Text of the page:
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This report is taken from PN Review 211, Volume 39 Number 5, May - June 2013.

Letter from Wales Sam Adams
The decline in churchgoing and Christian belief is gathering pace here, perhaps more hectically than elsewhere. The falling off began from a high point about the middle of the nineteenth century, when Wales could boast a higher proportion of adherents than any other European country. Only 72 per cent of the population still described themselves as Christian in 2001; a decade later it is 58 per cent. During the same period, the proportion of those who have no religion has increased from 19 to 32 per cent. In my previous letter (PNR 210) I referred to pockets of economic and cultural deprivation corresponding to post-1995 unitary authorities in the former industrial valleys of south Wales. These include communities that experienced the full force of the great Nonconformist revival inspired by Evan Roberts in 1904-5, when chapel membership attained unprecedented heights. Now Blaenau Gwent, Caerphilly and Rhondda Cynon Taf are, according to the census, among the five least religious parts of England and Wales.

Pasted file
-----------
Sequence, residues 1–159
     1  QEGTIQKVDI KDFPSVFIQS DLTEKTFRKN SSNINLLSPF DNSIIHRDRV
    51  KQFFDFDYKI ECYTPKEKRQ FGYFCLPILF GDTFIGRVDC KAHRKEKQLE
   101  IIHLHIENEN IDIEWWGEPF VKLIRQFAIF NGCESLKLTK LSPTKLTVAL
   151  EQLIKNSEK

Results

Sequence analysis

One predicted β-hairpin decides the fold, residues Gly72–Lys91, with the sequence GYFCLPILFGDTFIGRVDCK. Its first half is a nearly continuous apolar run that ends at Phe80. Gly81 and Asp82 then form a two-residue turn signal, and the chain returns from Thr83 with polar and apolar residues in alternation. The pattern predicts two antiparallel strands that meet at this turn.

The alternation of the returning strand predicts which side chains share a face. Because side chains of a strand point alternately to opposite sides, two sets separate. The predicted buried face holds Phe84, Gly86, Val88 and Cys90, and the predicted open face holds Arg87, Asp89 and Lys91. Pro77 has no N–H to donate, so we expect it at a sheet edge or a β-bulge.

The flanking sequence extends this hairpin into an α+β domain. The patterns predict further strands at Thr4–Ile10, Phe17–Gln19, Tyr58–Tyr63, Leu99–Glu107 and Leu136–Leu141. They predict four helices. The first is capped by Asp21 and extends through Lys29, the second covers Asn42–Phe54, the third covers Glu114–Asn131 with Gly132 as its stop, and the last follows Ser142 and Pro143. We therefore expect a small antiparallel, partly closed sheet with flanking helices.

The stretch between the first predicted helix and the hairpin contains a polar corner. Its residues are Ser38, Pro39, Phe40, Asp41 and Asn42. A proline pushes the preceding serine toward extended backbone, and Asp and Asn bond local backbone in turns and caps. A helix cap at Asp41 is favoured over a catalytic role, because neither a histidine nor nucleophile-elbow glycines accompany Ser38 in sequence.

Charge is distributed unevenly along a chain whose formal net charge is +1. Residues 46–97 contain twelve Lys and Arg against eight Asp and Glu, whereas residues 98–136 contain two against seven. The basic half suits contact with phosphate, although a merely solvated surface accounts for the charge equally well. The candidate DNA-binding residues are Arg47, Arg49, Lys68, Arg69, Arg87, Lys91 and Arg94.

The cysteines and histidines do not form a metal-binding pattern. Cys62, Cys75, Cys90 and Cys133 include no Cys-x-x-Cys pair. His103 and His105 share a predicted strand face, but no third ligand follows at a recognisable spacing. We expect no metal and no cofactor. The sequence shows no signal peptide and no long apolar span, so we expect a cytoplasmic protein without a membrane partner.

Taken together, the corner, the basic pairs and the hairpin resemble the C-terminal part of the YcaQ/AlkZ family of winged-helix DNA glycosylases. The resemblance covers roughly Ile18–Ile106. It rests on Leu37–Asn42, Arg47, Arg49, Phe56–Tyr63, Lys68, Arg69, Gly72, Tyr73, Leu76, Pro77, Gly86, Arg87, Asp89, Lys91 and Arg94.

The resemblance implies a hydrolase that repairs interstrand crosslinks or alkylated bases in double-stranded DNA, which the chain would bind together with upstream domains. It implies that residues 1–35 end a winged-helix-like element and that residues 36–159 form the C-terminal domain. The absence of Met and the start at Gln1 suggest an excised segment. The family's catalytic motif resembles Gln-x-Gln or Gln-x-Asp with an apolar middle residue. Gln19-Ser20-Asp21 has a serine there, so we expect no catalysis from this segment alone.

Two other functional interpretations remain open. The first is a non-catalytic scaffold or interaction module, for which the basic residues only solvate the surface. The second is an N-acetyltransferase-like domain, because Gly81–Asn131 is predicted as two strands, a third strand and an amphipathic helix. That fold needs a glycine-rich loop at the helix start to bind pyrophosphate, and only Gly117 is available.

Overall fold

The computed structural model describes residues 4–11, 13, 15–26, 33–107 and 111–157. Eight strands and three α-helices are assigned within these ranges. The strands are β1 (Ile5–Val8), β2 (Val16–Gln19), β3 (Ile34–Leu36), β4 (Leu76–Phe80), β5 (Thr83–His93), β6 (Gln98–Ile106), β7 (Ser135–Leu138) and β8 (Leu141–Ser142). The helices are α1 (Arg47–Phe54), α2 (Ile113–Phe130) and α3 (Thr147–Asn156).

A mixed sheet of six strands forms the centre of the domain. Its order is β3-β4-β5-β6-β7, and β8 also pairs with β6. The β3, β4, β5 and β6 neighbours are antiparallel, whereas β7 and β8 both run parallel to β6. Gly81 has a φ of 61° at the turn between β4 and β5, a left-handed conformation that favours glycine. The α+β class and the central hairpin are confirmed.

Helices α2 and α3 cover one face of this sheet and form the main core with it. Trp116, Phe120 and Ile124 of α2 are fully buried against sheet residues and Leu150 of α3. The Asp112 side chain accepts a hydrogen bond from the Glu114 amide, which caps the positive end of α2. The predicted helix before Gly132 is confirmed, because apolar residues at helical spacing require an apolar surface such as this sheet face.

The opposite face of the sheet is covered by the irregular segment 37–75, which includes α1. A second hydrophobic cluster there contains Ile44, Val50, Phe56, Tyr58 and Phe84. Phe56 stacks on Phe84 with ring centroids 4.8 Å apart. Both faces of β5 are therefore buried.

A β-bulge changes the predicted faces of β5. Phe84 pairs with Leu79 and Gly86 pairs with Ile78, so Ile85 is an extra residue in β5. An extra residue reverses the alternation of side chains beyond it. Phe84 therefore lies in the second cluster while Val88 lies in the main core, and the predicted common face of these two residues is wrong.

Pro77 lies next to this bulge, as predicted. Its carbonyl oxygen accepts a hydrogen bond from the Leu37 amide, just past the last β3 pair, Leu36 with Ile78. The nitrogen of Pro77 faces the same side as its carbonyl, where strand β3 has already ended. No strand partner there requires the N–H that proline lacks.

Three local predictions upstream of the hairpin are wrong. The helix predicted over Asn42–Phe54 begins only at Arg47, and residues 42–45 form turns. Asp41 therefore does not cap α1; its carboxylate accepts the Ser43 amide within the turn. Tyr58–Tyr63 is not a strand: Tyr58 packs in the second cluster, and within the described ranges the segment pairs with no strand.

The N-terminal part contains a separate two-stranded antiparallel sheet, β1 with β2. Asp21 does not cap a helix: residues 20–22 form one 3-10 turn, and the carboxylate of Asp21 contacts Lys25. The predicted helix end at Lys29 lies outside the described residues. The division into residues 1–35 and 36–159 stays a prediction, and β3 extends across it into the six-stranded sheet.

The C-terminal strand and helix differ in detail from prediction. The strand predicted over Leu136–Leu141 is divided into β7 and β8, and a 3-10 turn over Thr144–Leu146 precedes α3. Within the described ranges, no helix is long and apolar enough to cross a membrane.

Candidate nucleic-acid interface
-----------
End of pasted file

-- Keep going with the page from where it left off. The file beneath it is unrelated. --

The Anglicanism of my experience in the province of Wales seemed so unexacting that lapsing from it carried no burden of guilt. But I cannot deny regret has increased with the passage of years. At the very least, I subscribe to the view expressed by the unnamed narrator in John Updike's story 'Packed Dirt, Churchgoing, a Dying Cat, a Traded Car', first published in the New Yorker in 1961: 'Taken purely as recreation, what could be more delightful, more unexpected than to enter a venerable and ...


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